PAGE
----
24 January 2017
6:15am – the alarm goes off. From my cabin, I hear the footsteps on deck of Julie and Daniel, deck officer and chief mechanic. They’re off to raise the yankee sail on Tara’s bow.
[After finishing her thesis on data from the Tara Oceans expedition in Chris Bowler’s lab at ENS d’Ulm, Flora Vincent embarked on Tara for the first time at Wallis to sample plankton during the Tara Pacific expedition. She will debark at Fukuoka, Japan. This is Flora’s logbook 1/3]
I stagger towards the main dining room and like every morning, glance at the notice board for household chores. Today, I am on duty for lunch with my usual group composed of Nico de la Brosse, the first mate and Pete West, the underwater cameraman. Each scientist is in a group of 3 with a different sailor who gets us started and guides us through life on board, especially for first timers on Tara, like me. I pick up 2 pieces of toast, my coffee and, like every morning, join Dominique the cook on deck. We enjoy our breakfast with a sea view, admiring the sunrise.
No time for daydreaming, I have to set up the wet laboratory at the back of the boat and prepare the equipment to process the daily collected samples.
Scientist Flora Vincent in the wet lab changing plankton filters © Sarah Fretwell / Tara Expeditions Foundation
Like every morning, every corner of the boat reminds me that Tara is optimized to be a lab on the ocean. From the forward to the rear hold, from the hull under the boat to the top of the mast, science is everywhere, all the time, hidden in the bowels of the schooner.
Pumping air, pumping water, measuring iron or CO2 in water, Tara is continuously collecting a series of oceanographic and atmospheric measurements that will be used to understand the link between climate change and the state of health of coral reefs.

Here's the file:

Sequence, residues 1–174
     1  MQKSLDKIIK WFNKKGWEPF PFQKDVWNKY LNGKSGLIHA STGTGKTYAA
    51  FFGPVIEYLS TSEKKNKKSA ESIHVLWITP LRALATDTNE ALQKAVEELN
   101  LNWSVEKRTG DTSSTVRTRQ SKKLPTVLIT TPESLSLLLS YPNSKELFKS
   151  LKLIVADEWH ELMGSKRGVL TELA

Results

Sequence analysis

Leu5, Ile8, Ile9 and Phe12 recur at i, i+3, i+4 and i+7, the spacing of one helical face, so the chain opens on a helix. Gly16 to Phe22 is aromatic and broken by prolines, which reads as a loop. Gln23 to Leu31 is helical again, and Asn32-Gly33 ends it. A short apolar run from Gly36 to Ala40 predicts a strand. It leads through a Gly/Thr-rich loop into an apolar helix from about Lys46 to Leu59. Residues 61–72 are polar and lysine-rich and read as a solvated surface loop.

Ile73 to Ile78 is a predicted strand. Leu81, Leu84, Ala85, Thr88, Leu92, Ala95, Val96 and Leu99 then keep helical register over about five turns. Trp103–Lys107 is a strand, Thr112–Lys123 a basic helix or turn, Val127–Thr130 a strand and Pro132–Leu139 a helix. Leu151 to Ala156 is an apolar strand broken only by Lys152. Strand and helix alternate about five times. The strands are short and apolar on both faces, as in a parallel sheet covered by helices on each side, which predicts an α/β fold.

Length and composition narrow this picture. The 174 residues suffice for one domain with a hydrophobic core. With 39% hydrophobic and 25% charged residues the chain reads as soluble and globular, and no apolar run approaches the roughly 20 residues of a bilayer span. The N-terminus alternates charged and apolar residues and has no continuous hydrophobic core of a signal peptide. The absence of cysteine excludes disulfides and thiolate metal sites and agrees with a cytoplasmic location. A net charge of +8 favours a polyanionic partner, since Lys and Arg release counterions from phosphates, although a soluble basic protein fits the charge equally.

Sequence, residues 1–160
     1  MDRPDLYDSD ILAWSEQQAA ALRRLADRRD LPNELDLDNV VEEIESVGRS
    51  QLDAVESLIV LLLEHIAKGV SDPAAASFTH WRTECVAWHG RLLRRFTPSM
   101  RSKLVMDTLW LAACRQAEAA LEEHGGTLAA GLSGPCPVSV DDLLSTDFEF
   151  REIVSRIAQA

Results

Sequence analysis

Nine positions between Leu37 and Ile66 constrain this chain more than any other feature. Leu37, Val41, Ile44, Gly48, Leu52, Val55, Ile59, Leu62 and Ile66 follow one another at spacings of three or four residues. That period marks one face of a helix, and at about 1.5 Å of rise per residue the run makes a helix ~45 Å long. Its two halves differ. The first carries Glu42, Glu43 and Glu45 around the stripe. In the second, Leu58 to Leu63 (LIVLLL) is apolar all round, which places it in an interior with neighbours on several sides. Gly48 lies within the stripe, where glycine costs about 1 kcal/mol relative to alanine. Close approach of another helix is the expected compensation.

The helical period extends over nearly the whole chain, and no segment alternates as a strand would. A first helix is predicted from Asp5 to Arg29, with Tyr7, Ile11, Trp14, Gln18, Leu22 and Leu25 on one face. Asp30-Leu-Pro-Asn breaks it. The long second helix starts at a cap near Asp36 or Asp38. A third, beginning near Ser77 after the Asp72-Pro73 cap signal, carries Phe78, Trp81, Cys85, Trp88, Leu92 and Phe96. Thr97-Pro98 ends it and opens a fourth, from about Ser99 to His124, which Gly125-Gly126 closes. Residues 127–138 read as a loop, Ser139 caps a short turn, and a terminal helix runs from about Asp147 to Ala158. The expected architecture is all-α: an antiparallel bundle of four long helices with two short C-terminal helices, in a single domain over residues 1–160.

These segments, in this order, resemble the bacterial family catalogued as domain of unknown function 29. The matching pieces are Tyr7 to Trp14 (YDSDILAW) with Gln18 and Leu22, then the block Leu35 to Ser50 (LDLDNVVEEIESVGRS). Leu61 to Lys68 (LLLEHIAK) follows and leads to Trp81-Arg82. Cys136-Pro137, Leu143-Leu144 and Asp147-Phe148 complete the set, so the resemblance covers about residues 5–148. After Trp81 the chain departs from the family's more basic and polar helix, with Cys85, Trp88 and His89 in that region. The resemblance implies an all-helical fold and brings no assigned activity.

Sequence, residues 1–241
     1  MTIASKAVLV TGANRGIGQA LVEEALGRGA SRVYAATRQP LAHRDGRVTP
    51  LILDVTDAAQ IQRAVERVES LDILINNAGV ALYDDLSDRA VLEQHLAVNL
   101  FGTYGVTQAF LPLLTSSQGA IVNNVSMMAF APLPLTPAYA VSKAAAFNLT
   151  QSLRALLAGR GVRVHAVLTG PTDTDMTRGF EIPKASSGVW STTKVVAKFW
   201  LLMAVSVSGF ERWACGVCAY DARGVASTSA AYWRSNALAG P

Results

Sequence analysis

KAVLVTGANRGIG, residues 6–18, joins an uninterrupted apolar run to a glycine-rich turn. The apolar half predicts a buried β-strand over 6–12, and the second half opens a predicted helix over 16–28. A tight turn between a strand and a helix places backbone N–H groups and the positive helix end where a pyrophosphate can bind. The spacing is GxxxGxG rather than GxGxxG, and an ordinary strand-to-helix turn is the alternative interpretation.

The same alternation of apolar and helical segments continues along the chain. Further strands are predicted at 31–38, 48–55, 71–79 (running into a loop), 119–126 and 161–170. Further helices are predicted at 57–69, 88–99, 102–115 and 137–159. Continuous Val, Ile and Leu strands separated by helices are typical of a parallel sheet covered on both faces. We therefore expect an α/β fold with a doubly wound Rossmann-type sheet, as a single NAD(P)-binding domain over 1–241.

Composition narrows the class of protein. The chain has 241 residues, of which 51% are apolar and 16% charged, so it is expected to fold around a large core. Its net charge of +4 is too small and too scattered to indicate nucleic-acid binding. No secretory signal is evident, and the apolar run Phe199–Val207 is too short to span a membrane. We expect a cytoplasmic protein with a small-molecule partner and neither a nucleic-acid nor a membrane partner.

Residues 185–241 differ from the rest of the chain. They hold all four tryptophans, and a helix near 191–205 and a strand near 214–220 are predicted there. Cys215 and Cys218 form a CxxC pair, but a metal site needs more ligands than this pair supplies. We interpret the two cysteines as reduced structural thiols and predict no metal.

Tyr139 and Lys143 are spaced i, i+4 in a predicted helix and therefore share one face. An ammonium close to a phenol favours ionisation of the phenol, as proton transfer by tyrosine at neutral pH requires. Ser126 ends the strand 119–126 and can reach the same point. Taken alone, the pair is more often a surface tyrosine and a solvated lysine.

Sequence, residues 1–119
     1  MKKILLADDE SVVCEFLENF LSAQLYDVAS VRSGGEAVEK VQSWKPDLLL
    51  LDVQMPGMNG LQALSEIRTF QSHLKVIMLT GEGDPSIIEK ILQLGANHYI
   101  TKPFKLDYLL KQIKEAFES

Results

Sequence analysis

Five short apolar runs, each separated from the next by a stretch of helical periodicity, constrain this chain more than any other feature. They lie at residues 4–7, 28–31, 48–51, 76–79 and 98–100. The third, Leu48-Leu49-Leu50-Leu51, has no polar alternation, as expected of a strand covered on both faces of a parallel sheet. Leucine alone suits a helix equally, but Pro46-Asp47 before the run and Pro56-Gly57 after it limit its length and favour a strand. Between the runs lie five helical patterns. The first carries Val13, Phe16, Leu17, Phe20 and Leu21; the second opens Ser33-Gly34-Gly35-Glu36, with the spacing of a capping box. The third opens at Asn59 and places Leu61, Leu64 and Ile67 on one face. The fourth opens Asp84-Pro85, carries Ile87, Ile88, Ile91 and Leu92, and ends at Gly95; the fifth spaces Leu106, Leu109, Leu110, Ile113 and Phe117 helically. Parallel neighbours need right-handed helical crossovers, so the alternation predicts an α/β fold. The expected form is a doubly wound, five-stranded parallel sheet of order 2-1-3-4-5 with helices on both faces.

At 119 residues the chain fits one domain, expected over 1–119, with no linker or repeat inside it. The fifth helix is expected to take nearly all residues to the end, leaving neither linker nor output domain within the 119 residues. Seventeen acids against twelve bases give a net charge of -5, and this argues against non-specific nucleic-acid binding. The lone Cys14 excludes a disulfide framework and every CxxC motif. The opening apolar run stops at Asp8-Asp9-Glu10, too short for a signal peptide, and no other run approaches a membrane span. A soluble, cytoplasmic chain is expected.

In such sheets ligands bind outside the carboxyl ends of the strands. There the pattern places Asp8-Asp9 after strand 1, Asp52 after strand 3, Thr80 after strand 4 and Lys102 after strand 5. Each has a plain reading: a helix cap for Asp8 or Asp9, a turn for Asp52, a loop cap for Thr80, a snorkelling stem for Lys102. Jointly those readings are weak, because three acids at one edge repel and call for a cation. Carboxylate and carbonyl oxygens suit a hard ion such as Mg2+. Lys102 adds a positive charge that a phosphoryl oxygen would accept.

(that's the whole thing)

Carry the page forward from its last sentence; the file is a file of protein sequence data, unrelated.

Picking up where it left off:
The relationship to time and space is unique on Tara. At the slightest power cut, Guillaume, the deck engineer, rushes to check that the measuring instruments are still running because the backup batteries give him 3 minutes to react. A badly closed freezer can ruin weeks of work at sea, impossible to redo because it’s there that all the samples are stored before being sent on. Forgetting to store tubes before going for a coffee break means running the risk of seeing them scattered everywhere because the boat is constantly pitching. Putting down a cup of coffee to pick them up runs the other risk of seeing the cup break into a thousand pieces on the deck.
Tara scientists Flora Vincent and Guillaume Bourdin sample iron in the water © Sarah Fretwell / Tara Expeditions Foundation
As every morning, the cohabitation between science and navigation in such a confined space obliges us to anticipate everything. And there is always something unexpected to do at the last moment and it’s already too late! We accomplish things as soon as we have time (put things away, repair, prepare, but also sleep, do a laundry or reply to emails!), especially the sailors who are constantly solicited day and night to manoeuver the boat, but also to help us with sampling. Today we are raising the mainsails. It promises to be a beautiful day for collecting samples, like every morning.
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